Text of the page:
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Tuesday, December 07, 2021

What do you know? It’s already Oct. 16. One moment you’re a beaming freshman full of life, optimism and drive, and with the blink of an eye, you’re already a jaded, sleep-deprived, nerve-ridden upperclassman waiting to get your next coffee fix. Be careful in these upcoming weeks, and don’t let time slip through your fingers too easily. With that said, it’s time for …

Darts & Laurels

On Monday, Playboy Magazine announced it would no longer be running nude pictures within its pages, having been run out of the market by the Wild West world of online pornography. As much sense as it makes, it’s a bit of a shame; for the better part of half a century now, getting one’s hands on a Playboy was seen as a rite of passage for young men. Playboy’s admittance of defeat is yet another stark reminder that the times, they are a-changin’.

For demonstrating good business acumen and knowing when they’ve been beat, Playboy Magazine gets a bunny-shaped Laurel. As always, the slow, inevitable march of time and technological process gets a Dart.

A wise fictional character once said, "Sometimes science is a lot more art than science." This may have proved true this week when Danish researchers made an unexpected breakthrough in cancer research. While researching ways to protect pregnant women from malaria, the researchers noted that malaria proteins attack cancer cells in the same manner they do healthy, functional ones.

As reported by British newspaper "The Independent," "Scientists have combined the bit of protein that the malaria vaccine uses to bury into cells and combined it with a toxin — that can then bury into cancer cells and release the toxin, killing them off."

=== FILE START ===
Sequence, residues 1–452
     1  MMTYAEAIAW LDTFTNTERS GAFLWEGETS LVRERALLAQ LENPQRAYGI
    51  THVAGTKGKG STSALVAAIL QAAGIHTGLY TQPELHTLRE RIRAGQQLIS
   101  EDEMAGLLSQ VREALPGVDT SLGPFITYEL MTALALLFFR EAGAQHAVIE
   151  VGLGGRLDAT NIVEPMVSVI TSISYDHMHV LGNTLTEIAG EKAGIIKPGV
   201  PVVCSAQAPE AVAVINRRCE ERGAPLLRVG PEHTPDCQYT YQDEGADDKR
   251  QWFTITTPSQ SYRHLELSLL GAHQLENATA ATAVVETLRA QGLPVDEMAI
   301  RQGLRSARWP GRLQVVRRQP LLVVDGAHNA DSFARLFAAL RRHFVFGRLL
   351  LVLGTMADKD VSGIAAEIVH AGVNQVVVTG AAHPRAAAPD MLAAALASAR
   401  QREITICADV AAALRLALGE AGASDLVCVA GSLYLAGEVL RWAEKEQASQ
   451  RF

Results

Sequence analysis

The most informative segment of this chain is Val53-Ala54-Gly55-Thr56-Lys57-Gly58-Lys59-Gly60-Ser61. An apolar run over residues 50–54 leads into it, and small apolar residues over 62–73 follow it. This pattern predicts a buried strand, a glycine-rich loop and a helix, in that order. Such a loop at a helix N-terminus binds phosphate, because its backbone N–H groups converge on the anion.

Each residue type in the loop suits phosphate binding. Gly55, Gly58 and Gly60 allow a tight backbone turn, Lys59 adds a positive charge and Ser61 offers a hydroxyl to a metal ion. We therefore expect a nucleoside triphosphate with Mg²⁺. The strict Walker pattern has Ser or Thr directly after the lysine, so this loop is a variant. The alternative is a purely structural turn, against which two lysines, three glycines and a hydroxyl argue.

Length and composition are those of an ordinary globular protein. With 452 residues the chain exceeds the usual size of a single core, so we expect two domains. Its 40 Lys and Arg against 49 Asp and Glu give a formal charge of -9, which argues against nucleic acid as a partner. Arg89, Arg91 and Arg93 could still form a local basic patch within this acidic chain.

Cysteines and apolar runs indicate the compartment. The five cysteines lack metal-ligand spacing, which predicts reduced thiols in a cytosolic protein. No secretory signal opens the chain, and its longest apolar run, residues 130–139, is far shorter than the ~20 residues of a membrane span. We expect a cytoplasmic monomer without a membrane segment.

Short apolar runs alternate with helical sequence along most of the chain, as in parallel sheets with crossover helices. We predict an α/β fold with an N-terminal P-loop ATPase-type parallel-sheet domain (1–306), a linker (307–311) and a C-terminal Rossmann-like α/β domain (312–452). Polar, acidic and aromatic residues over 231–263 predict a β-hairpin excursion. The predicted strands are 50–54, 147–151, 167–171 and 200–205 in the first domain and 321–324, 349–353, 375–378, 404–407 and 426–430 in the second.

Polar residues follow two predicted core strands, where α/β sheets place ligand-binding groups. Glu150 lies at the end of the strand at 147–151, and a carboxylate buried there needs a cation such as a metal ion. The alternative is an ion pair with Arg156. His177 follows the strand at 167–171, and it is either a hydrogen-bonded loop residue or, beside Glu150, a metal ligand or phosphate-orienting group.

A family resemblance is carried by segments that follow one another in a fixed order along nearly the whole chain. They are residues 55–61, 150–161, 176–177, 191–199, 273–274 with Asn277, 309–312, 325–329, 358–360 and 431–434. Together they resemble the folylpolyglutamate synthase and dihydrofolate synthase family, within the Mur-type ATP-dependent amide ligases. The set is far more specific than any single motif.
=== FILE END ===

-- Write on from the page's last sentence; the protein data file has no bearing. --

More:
For asserting the future is well and truly here without having to kill off nudie mags, these Danish researchers get a Laurel.

On Thursday, our long national nightmare ended and "Nathan For You," returned to our television screens. For those who are unfamiliar with the show, every episode sees comedian Nathan Fielder working with struggling businesses to help them become more profitable. This sounds all well and good until you see the schemes that are concocted, such as poop-flavored yogurt for a fro-yo joint or the infamous "Dumb Starbucks." Last night’s episode was as great as ever, and it happened to involve an actual alligator stopping potential customers from claiming $1 high-definition televisions.

For unintentionally repping UF, as well as providing the funniest study of human behavior on television, Fielder gets an awkward, oddly confident Laurel.

We honestly don’t want to write about Bernie Sanders all that much within these pages; the Internet and other publications already do an admirable job of covering "the Bern" and sometimes it feels redundant on our part. However, last night Sen. Sanders once again demonstrated his upstanding moral and ethical character, and we’d be remiss not to acknowledge it.

Yesterday, it emerged that Martin Shkreli, the infamous CEO of Turing Pharmaceuticals and the man responsible for jacking up the price of AIDS medication, had made a sizable contribution to Sanders’ presidential campaign to gain an audience with Sen. Sanders. In response, Sanders not only donated the money to the Whitman-Walker health clinic in Washington, but also declined to meet with Shkreli.

For being the rare politician unwilling to play the game and actually stick to his moral compass, Sanders gets a Laurel.

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